Here is the first part of this story, in case you missed it. Sunday (Father’s Day) we went to see the freshly “bush-hogged” (a new word I learned that day) land that my parents bought to roam around and imagine the house that they are planning to build there. The last time we went, I was in sandals. I got a fire ant bite on each foot. So, this time I came prepared and wore my rain boots. If only I had thought about my arms. My dad and I tried to measure the circumference of a large tree in a still-overgrown grove on the far side of the property. We eventually gave up because we couldn’t get close enough to it. The next afternoon at work, I noticed that my arm felt a bit warm. I was hustling around a room full of clients helping with enrollment paperwork for English classes when I looked down to see a red patch in the crook of my elbow. Poison ivy. I am one of those sad humans with sensitive skin, so I’m allergic to poison ivy. Highly allergic. (ahem)
By Tuesday, I had to leave work and find a clinic that could give me a cortisone shot ASAP. Of course, we don’t have our insurance cards yet having just started new jobs. I called on a potential rental house while I waited two hours at the clinic—multi-tasking is key in these uncertain times. By Wednesday night, it was clear that the shot had not done it’s job. I didn’t sleep at all, and the poison ivy was spreading rapidly. I had to email my new supervisor and explain the situation. Thankfully, he was very understanding–having had his own severe poison ivy experience. I went to the doctor and got an oral steroid. Later that afternoon I stood in front of the mirror with swollen, bleeding ears and itchy, inflamed skin on my arms and face. Bryan was half and hour away at work, and I briefly considered driving myself to the ER or finishing the job and just setting myself on fire. Low point number two. At the risk of sounding melodramatic, it has been some of the worst pain I’ve experienced in my 28 years. Today, I can proudly say that I finally feel hopeful that I will someday have normal skin again. And I probably won’t take it for granted nearly as much as I did before.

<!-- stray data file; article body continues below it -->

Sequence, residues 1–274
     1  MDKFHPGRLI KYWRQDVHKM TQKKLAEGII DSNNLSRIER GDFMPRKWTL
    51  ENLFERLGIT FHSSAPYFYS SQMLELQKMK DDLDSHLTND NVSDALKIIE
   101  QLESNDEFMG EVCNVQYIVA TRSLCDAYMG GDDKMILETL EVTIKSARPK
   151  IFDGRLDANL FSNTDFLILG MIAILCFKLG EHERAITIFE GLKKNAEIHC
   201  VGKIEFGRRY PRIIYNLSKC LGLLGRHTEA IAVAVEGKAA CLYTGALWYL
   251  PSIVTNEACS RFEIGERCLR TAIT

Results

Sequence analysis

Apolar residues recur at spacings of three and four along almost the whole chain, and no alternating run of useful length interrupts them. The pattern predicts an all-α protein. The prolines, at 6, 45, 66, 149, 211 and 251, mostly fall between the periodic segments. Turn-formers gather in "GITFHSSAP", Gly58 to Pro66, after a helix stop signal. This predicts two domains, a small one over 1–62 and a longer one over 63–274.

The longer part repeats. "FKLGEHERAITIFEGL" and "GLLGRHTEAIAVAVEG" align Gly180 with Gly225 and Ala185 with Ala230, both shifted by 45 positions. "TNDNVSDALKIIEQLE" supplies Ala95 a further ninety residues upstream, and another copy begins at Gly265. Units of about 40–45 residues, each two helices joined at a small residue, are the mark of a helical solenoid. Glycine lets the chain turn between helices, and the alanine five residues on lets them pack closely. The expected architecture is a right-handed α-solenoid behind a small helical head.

Saturday, I was able to leave the house, and it renewed my spirits. I think I’d just been sitting and staring at my blistered skin for two solid days, washing my hands every five minutes to no avail while the rash continued to spread. You know you need to get out when you close your eyes to sleep at night and see visions of blotchy red arms. Bryan took me to the movies. He can’t get over how I keep asking him to turn the air conditioner higher. That’s not like me at all. Enjoy it while you can, honey. 🙂 Then we went to a restaurant and sat together in a booth facing a window and ate nachos at 3pm. We looked out at the traffic and buildings and reflected on life in the city thus far. We talked about our dreams for the future and expressed our gratitude for God’s provision.
Admittedly, this new chapter and I have gotten off to a rough start, but sitting there with Bryan, I felt my confidence begin to rise again. The thing is, I was so comfortable with our life before. And although it’s been tempting throughout this “in between” time to long for what we left behind, I know deep in my heart that it was time for a new adventure. These setbacks I’ve experienced have beaten me up a bit, but looking out that window Saturday afternoon–completely relaxed for the first time in a long while–I remembered that we are right where we’re supposed to be. I relish this opportunity to be challenged. I want to learn new things and meet new people and explore a new city. I feel like we will grow here in ways I can’t imagine now.
One of the aspects of transition that I’ve come to appreciate the most is how it reminds me that God is our only constant. Isn’t it dangerous to get too comfortable? With any luck, I’ll be writing to you next from our new home in the big city, but until then, I’ll be okay. I heard this quote from Augustine in a sermon recently, and it’s become my mantra. “O Lord, our hearts are restless until they rest in you.” Amen.